weatherize your windows for the sake of energy efficiency

Weatherize Your Windows for the Sake of Energy Efficiency

July 20, 2015

As summer continues to heat up, your concerns about home energy efficiency naturally increases. Windows are a great and easy place to start when weatherizing your home. A lot of energy can be lost through leaky window frames and thin glass panes during these hot days of summer. Weatherizing your windows therefore begins with looking for cracks or gaps that let the cold air out, and the hot air into your home. There is never a wrong time to make changes, as your comfort level and wallet will soon realize a significant difference.

Don’t make the mistake of thinking that if you have a newer home, you are not at risk of wasting energy through windows. Even relatively new vinyl or aluminum windows can allow air loss or intrusion through defective weatherstripping and gaskets. With some effective strategies for weatherizing windows, though, you can begin to improve energy efficiency immediately.

Where to Start

There are relatively inexpensive, quick solutions available to help you save energy in your home. Try some of the following simple suggestions for weatherizing windows:

  • Curtains, shades and blinds can do a lot to block or reduce the effect of solar energy entering your home.
  • Rope caulk can be used for older windows that shrink with age or windows that might be defective, to prevent the cool air from escaping.
  • V-strip weatherstripping is a simple measure that is great for reducing energy loss through windows. Press this inexpensive weatherstripping along the sides of windows sashes.
  • Install shrink film, using double-sided tape to apply it and a hair dryer to shrink it tightly into place. This will help to seal windows.
  • To seal small cracks in the window pane, take clear nail polish and carefully brush it over the crack. The hardened polish will seal the crack until you have a chance to replace the glass.
  • Use a draft snake to stop air from moving under windows that won’t close tightly. This long, slender cloth casing, filled with foam, should be pressed into place at the base of the window. While you can buy draft snakes at home improvement stores, you can create your own using an old knee sock filled with dry rice.
  • For windows where appearance isn’t a big concern, such as in the attic or basement, try an opaque window covering that fits snugly into the frame. Use a piece of foam board that has been glued to a properly sized section of drywall. This make-shift storm window can be sized to precisely fit your window.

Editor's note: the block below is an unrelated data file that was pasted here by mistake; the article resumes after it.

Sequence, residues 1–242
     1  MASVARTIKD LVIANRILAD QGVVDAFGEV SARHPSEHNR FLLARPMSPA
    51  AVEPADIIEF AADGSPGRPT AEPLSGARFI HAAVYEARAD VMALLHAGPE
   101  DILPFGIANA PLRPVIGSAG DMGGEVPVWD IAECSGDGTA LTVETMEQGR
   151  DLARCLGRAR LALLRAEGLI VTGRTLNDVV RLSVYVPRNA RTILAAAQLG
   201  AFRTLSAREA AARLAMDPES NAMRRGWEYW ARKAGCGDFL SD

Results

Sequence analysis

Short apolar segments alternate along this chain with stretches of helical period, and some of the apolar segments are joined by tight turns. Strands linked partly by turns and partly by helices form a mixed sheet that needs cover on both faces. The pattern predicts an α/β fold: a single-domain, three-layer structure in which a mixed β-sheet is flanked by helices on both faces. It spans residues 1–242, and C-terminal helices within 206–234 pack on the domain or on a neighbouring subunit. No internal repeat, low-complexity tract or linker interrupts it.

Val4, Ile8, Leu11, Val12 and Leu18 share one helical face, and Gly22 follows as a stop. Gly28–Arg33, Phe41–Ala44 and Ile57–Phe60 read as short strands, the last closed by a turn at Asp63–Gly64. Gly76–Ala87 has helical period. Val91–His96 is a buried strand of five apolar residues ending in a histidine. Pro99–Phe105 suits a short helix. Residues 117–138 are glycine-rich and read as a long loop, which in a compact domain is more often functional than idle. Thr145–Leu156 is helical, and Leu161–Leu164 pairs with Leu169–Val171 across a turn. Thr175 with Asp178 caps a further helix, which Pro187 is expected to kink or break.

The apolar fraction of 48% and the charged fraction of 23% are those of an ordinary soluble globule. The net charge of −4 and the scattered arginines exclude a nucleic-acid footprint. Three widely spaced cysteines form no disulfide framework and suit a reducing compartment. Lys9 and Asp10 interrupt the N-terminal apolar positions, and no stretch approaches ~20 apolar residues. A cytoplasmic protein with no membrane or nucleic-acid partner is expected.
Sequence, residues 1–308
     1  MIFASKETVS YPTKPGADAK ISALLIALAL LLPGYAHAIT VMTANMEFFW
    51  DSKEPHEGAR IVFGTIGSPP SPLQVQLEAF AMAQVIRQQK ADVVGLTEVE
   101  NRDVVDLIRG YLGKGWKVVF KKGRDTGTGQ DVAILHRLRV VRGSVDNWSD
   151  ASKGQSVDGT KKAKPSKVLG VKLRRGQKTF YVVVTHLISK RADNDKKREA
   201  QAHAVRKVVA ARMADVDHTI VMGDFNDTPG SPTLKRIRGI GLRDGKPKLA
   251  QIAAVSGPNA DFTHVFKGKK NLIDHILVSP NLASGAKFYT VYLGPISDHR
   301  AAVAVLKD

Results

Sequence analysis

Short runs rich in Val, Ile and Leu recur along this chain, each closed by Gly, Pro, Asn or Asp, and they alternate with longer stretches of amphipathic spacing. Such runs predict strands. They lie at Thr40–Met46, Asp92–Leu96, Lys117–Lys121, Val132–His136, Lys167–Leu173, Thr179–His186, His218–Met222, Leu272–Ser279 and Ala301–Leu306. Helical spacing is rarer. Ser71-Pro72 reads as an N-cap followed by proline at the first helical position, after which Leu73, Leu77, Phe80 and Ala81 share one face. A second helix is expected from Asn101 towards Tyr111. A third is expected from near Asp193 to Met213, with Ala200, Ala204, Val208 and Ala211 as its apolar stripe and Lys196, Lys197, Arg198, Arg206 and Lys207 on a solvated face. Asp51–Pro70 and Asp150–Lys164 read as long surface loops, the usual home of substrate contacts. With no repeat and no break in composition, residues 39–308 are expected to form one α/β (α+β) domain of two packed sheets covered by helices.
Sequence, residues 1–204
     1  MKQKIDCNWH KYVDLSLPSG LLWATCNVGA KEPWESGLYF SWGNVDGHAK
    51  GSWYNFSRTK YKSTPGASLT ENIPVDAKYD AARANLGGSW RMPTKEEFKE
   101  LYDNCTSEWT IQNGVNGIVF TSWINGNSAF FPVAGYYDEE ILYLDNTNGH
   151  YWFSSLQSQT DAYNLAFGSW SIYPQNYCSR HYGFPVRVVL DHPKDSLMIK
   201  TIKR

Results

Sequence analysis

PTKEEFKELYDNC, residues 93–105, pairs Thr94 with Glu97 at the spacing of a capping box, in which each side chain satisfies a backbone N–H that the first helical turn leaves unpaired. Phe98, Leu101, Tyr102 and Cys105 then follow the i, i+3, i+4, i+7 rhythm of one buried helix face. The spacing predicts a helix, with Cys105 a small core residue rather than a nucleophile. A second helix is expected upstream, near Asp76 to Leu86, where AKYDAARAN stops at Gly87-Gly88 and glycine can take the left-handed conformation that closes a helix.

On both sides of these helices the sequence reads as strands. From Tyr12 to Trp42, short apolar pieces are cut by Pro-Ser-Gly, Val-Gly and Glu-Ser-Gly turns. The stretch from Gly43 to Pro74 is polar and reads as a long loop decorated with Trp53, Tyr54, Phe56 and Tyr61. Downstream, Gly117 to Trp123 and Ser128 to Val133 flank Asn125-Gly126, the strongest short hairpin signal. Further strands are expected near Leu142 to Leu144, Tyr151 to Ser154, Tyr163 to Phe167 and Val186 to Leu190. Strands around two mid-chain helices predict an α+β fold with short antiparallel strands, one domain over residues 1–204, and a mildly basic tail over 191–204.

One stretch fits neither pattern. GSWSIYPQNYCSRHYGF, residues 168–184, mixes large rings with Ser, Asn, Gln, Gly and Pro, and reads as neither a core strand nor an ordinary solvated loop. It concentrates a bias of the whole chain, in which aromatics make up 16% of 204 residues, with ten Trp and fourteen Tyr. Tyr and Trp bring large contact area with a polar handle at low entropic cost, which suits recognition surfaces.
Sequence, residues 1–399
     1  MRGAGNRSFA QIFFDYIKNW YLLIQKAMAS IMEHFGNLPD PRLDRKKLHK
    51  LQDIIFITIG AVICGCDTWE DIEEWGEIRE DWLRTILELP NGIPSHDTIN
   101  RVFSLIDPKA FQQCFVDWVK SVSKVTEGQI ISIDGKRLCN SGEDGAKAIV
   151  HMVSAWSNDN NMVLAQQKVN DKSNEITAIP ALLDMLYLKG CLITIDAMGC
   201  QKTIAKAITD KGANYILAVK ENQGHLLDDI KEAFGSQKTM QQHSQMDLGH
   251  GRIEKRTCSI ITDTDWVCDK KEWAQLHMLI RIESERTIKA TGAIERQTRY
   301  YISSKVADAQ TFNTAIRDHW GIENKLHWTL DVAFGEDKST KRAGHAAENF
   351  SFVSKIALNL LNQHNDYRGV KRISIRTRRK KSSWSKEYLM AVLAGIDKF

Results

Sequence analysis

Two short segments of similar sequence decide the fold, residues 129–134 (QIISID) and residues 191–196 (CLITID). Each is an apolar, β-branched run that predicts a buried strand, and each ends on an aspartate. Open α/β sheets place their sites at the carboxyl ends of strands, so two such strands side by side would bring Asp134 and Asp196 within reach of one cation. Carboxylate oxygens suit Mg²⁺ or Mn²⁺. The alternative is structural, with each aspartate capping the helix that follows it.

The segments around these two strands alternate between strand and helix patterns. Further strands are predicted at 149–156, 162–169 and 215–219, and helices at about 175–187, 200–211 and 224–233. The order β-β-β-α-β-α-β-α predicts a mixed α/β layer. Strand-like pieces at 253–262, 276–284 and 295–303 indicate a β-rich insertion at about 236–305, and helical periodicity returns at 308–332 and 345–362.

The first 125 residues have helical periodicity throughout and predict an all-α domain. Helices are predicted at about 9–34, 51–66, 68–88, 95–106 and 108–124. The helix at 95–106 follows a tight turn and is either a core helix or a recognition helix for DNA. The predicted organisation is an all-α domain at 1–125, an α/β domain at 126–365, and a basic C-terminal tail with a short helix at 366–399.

Weatherize Your Windows for the Long Term

  • Reglazing is somewhat similar to caulking, but involves removal of panes. It might seem like an overwhelming task to many, but can be a rewarding do-it-yourself project for those willing to take on the challenge. Replacing deteriorating glazing putty may be necessary with older windows. Over time, the glazing will dry and crack, falling apart and away from the window. While you can re-glaze the windows yourself, it may be best to hire a trusted expert to complete the job correctly and thoroughly.
  • If all else fails, it is time to consider replacing old, leaky windows. Eventually every homeowner faces this potentially expensive upgrade. Yet, there’s consolation in knowing that swapping out old, inefficient windows for modern, energy-saving models will make your home more comfortable and result in substantial savings in utility bills over time.
  • Revamp old storm windows so they remain effective even through the ravages of time. Spend some time cleaning, repainting and re-glazing them so they’ll be ready when winter comes around.

For more information about making your Hanahan area home more energy-efficient, contact Berkeley Heating & Air Conditioning at (843) 277-6030. Our experienced technicians are happy to provide you with solutions for your HVAC needs.

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